Structural species. Pest species that nest within the structure and may cause damage to wood include acrobat ants, carpenter ants, velvety tree ants and little black ants. Velvety tree ants are included in this group, as they occasionally nest in attics or wall voids where moisture or rotting wood can be found in California. These species may be present if wood is rotting or if there is a water leak. If a nest is found, the area should be treated with a labeled commercial spray (Bennett et al., 2005). Rotten wood should be replaced and any leaks should be fixed (Hedges, 1998). Trees surrounding the structure should be trimmed back so they do not touch the roof or sides. Mulch in landscaping should be no greater than 2 inches deep and at least 1 foot from the perimeter of the foundation. Any piles of firewood or lumber should be relocated away from the structure. If foragers are found indoors, baits may be used as an effective control.


Turf species. Species found nesting in lawns and turf areas include Allegheny mound ants, field ants, fire ants, harvester ants and Argentine ants. These ants form large nests or mounds that are unsightly in lawns and turf areas. In addition, each species will defend the nest if threatened, resulting in bites and/or stings that are unpleasant. Mounds should be treated individually with a spray or a drench of a residual insecticide and checked regularly to ensure proper control (Bennett et al., 2005). There is also a variety of baits that can be effective against many of these pests.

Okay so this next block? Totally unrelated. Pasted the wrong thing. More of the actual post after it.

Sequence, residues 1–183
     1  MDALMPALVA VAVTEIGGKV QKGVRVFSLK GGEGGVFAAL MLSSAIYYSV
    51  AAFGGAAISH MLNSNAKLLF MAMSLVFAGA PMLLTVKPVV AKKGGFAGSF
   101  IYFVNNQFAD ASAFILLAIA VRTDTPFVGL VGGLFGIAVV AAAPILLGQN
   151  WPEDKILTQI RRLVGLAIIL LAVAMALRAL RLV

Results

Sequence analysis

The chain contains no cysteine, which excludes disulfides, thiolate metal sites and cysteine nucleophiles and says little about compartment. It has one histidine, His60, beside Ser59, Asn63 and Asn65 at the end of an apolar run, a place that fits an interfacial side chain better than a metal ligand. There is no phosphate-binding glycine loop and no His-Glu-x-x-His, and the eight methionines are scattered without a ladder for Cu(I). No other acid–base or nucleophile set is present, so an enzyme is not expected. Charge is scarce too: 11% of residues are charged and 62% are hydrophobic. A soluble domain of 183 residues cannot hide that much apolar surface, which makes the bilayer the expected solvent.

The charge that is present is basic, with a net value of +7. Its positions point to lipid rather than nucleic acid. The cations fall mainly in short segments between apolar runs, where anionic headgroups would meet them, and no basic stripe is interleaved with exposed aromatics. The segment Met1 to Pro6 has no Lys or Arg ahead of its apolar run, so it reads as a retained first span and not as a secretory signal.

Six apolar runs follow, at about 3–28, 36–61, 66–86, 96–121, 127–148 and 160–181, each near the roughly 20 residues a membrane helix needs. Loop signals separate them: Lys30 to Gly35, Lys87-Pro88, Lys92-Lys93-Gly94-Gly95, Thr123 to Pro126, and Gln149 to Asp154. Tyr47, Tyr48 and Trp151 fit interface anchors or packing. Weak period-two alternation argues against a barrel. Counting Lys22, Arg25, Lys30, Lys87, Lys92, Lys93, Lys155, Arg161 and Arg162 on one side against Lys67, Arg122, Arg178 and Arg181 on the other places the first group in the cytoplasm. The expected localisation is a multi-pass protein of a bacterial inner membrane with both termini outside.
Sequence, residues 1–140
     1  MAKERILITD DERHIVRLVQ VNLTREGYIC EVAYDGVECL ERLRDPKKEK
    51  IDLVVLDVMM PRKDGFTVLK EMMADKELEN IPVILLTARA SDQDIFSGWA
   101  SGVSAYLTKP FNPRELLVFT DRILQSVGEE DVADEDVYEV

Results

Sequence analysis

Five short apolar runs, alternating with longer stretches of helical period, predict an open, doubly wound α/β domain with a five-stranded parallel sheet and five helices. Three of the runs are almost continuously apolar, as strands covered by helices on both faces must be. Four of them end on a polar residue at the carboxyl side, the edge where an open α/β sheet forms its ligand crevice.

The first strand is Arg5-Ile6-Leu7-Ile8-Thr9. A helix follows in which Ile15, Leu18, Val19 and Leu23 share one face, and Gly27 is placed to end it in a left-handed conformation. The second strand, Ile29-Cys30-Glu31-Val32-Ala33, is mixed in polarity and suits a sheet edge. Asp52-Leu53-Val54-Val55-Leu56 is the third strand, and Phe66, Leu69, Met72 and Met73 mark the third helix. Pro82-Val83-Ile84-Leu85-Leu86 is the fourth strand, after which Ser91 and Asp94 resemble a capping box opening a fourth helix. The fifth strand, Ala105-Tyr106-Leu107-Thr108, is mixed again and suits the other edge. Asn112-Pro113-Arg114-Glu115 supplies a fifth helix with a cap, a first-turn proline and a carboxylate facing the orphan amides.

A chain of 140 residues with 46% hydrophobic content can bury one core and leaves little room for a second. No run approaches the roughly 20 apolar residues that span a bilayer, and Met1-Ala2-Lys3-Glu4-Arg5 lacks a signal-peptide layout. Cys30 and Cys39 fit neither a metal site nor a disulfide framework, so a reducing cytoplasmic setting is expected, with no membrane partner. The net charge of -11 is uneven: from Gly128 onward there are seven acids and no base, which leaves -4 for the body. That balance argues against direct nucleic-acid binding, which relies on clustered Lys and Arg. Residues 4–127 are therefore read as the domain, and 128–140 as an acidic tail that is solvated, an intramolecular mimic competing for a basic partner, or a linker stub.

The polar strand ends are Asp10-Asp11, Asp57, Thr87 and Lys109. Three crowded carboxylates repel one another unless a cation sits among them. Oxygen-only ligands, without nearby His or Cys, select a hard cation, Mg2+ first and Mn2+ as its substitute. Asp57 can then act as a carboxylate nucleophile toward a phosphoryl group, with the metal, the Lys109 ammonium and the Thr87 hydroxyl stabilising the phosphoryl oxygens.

Summary. Twenty-one species of ants are commonly found to be pests in North America. They affect a variety of areas, such as indoors, landscapes, ornamental plants, sidewalks and slabs, structural soundness, and turf and lawns. Practicing Integrated Pest Management by removal of debris, nesting sites, food and moisture are key factors in controlling pests in every situation. The addition of baits and residual sprays helps to ensure proper control.
 

A Crazy Ant Scenario

When he answered a call for pest control at an area thrift shop, Paul Kendrick thought someone had sprinkled coffee grounds all around the building in central Florida. Upon closer inspection, he realized they were really thousands of dead ants.